Jedi Pride

Recently I was watching The Phantom Menace again and in particular (as everyone does) took special notice of the lightsaber battle at the end. That’s not really a revelation; even the haters love the lightsaber battle in this one. But I gleaned a new insight to the film I think.

I don’t know if it was my mood, that I was looking at things from a different perspective, or what, but I took notice of something that drastically echoes as a theme through the prequels; previously it didn’t seem to be a real factor until Attack of the Clones, but it jumped out at me this time.

I don’t think I’ll be able to watch the final duel in quite the same way again.

Jedi Pride

In this expression of it, Jedi Pride (hubris actually) is what got Qui-Gon Jinn killed. Throughout the rest of the series, it’s clear that it left the Sith in a position to ruin the galaxy and inevitably placed Anakin on the path of his downfall.

It also evolves some theories about his character that I’ve had.

What led to this thought was that, while watching, I noticed that Qui-Gon’s death was eminently avoidable in the final battle if he did only one thing.

It’s something that he espouses (albeit most strongly in a cut scene) but like the rest of the Jedi fails to practice.


Yes, restraint.

At a very specific point in the battle with Darth Maul, Qui-Gon and Obi-Wan are separated from him by the plot devices energy doors. They are likewise separated from each other; Obi-Wan is too far (too young? too untrained?) to cover the distance necessary to be physically next to Qui-Gon, which leads to Maul being able to face the older Jedi alone.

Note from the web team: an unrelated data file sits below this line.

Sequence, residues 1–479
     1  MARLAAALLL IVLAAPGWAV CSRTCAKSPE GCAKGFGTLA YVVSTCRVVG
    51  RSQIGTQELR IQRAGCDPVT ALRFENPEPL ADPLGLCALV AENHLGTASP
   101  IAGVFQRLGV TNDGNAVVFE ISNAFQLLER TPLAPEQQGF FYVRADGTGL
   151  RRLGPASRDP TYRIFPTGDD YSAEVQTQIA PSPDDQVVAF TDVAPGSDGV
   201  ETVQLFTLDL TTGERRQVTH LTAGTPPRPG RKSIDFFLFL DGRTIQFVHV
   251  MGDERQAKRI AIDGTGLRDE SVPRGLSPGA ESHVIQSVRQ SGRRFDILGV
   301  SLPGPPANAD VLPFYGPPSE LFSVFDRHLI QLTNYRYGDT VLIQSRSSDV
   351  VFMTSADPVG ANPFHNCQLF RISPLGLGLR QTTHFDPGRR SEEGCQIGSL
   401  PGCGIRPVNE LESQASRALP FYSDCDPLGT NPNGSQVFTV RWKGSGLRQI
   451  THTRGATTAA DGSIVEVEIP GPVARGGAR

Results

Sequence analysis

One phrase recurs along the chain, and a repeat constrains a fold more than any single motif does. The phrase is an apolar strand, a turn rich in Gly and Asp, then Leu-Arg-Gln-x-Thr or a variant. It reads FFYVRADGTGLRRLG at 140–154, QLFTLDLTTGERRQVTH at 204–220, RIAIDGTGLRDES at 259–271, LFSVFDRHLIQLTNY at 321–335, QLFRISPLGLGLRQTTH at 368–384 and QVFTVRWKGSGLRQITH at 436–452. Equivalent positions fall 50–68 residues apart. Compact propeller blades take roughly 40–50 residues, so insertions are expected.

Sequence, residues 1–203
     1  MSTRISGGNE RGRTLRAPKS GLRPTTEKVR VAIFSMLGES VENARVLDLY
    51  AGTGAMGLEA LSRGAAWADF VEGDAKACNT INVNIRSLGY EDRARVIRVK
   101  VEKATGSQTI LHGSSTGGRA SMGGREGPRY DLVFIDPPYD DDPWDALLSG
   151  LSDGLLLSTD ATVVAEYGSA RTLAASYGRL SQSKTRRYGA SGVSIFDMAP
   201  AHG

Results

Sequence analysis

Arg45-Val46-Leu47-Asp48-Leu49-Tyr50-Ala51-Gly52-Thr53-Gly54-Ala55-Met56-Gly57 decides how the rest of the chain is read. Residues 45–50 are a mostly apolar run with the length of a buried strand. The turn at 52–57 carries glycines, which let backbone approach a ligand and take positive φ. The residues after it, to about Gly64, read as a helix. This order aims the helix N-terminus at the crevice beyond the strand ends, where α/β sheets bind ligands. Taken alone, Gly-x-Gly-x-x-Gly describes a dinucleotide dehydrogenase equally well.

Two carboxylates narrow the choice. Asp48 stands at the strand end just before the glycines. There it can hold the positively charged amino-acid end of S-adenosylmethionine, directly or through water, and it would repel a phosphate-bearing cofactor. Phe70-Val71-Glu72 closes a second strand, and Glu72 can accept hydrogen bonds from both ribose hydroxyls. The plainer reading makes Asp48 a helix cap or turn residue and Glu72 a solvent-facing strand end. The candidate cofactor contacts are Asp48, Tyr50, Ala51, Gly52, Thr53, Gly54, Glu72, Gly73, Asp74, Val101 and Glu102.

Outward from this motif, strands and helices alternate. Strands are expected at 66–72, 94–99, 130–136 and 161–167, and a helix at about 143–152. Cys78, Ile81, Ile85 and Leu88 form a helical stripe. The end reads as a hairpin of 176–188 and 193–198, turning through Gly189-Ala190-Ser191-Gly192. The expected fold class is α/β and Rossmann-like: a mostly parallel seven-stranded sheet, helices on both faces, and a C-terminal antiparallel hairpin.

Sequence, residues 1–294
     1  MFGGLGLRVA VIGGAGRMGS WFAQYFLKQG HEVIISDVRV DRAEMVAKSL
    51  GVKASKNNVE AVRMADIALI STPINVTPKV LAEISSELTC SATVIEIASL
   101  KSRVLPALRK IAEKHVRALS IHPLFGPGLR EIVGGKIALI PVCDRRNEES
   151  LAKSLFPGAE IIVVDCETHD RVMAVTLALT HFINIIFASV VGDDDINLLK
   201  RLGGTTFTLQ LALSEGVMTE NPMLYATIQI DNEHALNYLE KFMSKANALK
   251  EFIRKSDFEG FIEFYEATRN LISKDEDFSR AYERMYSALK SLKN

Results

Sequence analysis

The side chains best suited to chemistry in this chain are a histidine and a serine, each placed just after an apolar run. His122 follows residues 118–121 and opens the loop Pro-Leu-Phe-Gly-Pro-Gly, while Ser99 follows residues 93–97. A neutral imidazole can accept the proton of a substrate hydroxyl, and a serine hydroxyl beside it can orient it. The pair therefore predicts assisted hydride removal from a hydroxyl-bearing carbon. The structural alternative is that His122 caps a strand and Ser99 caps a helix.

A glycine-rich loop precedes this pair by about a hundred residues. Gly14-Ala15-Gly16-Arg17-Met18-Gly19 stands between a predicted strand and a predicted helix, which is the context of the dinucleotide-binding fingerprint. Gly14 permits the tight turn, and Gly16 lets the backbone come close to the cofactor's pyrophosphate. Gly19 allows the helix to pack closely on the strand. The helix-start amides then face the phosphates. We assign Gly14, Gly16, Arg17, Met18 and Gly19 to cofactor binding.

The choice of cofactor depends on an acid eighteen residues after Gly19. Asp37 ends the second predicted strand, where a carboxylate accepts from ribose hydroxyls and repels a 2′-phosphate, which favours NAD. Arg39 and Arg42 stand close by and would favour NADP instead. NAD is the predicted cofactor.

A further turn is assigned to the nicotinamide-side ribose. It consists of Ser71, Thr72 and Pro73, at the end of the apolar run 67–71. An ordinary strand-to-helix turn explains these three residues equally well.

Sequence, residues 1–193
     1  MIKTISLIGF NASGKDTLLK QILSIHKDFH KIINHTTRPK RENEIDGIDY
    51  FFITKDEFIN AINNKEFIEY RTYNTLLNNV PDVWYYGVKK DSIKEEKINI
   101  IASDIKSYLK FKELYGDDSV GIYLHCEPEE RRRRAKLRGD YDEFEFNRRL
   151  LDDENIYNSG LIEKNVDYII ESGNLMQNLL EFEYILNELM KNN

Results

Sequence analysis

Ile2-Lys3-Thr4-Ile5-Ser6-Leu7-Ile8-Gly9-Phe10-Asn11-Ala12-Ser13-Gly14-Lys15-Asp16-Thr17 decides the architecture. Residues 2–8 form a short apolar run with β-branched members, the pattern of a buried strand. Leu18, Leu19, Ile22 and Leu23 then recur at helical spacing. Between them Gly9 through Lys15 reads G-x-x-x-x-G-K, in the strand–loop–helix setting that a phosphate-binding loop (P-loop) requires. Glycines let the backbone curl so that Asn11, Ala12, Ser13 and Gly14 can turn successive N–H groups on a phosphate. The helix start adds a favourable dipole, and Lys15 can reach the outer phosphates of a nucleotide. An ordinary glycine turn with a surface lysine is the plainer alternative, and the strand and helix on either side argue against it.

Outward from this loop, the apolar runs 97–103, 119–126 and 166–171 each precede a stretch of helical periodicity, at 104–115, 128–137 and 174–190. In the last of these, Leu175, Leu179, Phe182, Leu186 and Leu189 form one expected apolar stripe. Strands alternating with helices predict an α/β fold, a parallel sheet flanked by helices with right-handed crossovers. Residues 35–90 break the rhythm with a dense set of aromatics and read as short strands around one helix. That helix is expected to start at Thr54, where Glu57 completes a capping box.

But Qui-Gon had the opportunity during the fight to step back, draw Maul toward Obi-Wan, and tip the balance of the fight back in their favor.

I grant that Qui-Gon is established as one of the pre-eminent Jedi swordsman. But he was fighting a warrior younger and fresher, with a weapon specifically crafted to give an advantage in one-to-one combat. Qui-Gon should have had the wisdom to fall back and give Maul no choice but to fight both he and Obi-Wan together.

Had he not taken it upon himself (pridefully) to think he could single-handedly defeat such a young, energetic and obviously-skilled opponent, the story has a different ending. One with potential implications not just for Qui-Gon but Anakin and the galaxy at large.

Further Support from the Text

The prequels, more than the original trilogy, tend to function as one “text.” As a result, more than the others, material across all three supports previous episodes much more robustly. I point this out because the quote I’m using in support of this blog is actually from Episode II.

Obi-Wan: But he still has much to learn, Master. His abilities have made him… well arrogant.

Yoda: Yes. Yes. A flaw more and more common among Jedi. Too sure of themselves they are. Even the older, more experienced ones.

—Episode II

What turns it on its head, though, is that previously I approached Qui-Gon’s character as somehow “above” the pride argument about the Jedi. In some way, that he was “The Last Samurai.” But now I’m starting to see his death at Maul’s hands to be the first example of the pride that leads to the Jedi downfall.

Kinda depressing, really. It speaks to earlier arguments that “had Qui-Gon lived” Anakin would have fulfilled his destiny in a much less tragic way.

Now I wonder.

10 thoughts on “Jedi Pride

  1. I haven’t watched Menace in a long time, so I’m commenting from memory, without your advantage of having just seen the movie.